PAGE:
Tags: self-reliance

Self-Reliance: The Entrepreneur's New Challenge

We all tend to think of the entrepreneur in monetary terms, a topic that is usually centered on clever new ways to create income and wealth outside of the bounds of the normal 9 - 5 job. However, there is another important aspect to income, and that, of course, is how we spend it. The smart entrepreneur is as concerned with where the money goes, as he or she is with where it comes from. After all, it's the net profit that really matters.

Given the current state of the economy, the most important challenge to the entrepreneur seems to be holding on to one's money rather than just trying to earn it. Enter self-reliance. Why shell out your hard earned cash for a service or item, when with a bit of entrepreneurity, you can provide that service yourself, and hang on to some of that hard earned cash? Sure, there are times when convenience is a factor, but given the instability and uncertainty in today's economy, self-reliance is looking more and more important. Another factor to consider is the "best use of your time". There's only so much to go around.

If you're like me, you have several major grocery stores, several of which are open 24/7, all within easy driving distance. Why keep food in the house? Is it worth $1000 of your time to grow a bushel of potatoes, when you could run to the store and buy them for $10? But remember, your time is only worth $1000 if you can sell it. So, if payment for your time isn't a sure thing, and the store goes out of business because of the economy, would you still like to eat? Since you, your available time, and your entrepreneurial skills are all gating factors, it seems like some sort of compromise is the order of the day.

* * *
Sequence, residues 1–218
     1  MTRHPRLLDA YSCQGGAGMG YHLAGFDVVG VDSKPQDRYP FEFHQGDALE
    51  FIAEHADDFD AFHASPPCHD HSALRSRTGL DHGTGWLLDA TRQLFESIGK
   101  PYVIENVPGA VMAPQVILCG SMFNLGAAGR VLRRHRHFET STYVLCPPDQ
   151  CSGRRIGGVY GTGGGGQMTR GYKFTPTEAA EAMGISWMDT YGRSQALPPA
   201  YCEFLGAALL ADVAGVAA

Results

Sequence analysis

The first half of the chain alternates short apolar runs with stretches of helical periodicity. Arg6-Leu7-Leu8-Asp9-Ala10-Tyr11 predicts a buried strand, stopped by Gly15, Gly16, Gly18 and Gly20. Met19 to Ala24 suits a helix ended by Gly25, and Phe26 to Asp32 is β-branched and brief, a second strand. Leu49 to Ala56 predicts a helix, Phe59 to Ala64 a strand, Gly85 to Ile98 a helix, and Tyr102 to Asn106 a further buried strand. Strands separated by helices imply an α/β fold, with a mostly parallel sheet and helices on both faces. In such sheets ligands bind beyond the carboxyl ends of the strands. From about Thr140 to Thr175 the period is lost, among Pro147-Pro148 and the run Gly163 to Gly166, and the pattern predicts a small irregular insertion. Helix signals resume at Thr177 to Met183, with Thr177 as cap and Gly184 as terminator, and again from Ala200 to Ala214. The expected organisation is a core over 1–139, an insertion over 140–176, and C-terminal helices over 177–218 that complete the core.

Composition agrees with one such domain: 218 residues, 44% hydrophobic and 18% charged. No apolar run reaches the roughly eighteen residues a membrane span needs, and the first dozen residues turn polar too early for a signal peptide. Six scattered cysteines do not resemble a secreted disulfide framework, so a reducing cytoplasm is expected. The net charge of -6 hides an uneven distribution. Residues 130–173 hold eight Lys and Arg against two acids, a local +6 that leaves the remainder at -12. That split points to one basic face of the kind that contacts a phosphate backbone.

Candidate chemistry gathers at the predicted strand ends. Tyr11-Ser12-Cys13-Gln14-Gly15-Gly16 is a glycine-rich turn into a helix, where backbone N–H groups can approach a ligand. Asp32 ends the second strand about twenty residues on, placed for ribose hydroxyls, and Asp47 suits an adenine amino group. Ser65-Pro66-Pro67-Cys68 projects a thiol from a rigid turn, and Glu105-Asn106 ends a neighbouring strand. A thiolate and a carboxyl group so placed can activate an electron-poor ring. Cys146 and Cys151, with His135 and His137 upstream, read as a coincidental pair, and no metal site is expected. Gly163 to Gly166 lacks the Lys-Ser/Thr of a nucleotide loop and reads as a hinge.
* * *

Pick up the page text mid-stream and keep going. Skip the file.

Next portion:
We all know that the economy is in the toilet, and things seem to be getting worse with each passing day. So, let's spend some time talking about becoming more self-reliant by applying entrepreneurity to "cash out" rather than "cash in" for a while.

As a quick review of The Great Depression, consider this: conventional jobs dried up, the average Joe was unemployed, food was in short supply, travel was difficult if not impossible, and many people lost their savings and their homes. Now this is not to say that fortunes weren't made, because history shows that out of the economic ruins of The Great Depression arose many giants of industry. Indeed, many entrepreneurs of the time learned how to move forward from economic disaster into prosperity.

The next several posts will be about using entrepreneurity to become more self-reliant during these troubled economic times, some things that I'm looking at, and some suggestions for things to try. I welcome your comments and suggestions.

Permalink 12/28/08 06:33:40 pm, by Bill Rosser Email , 468 words, Categories: Entrepreneurity ,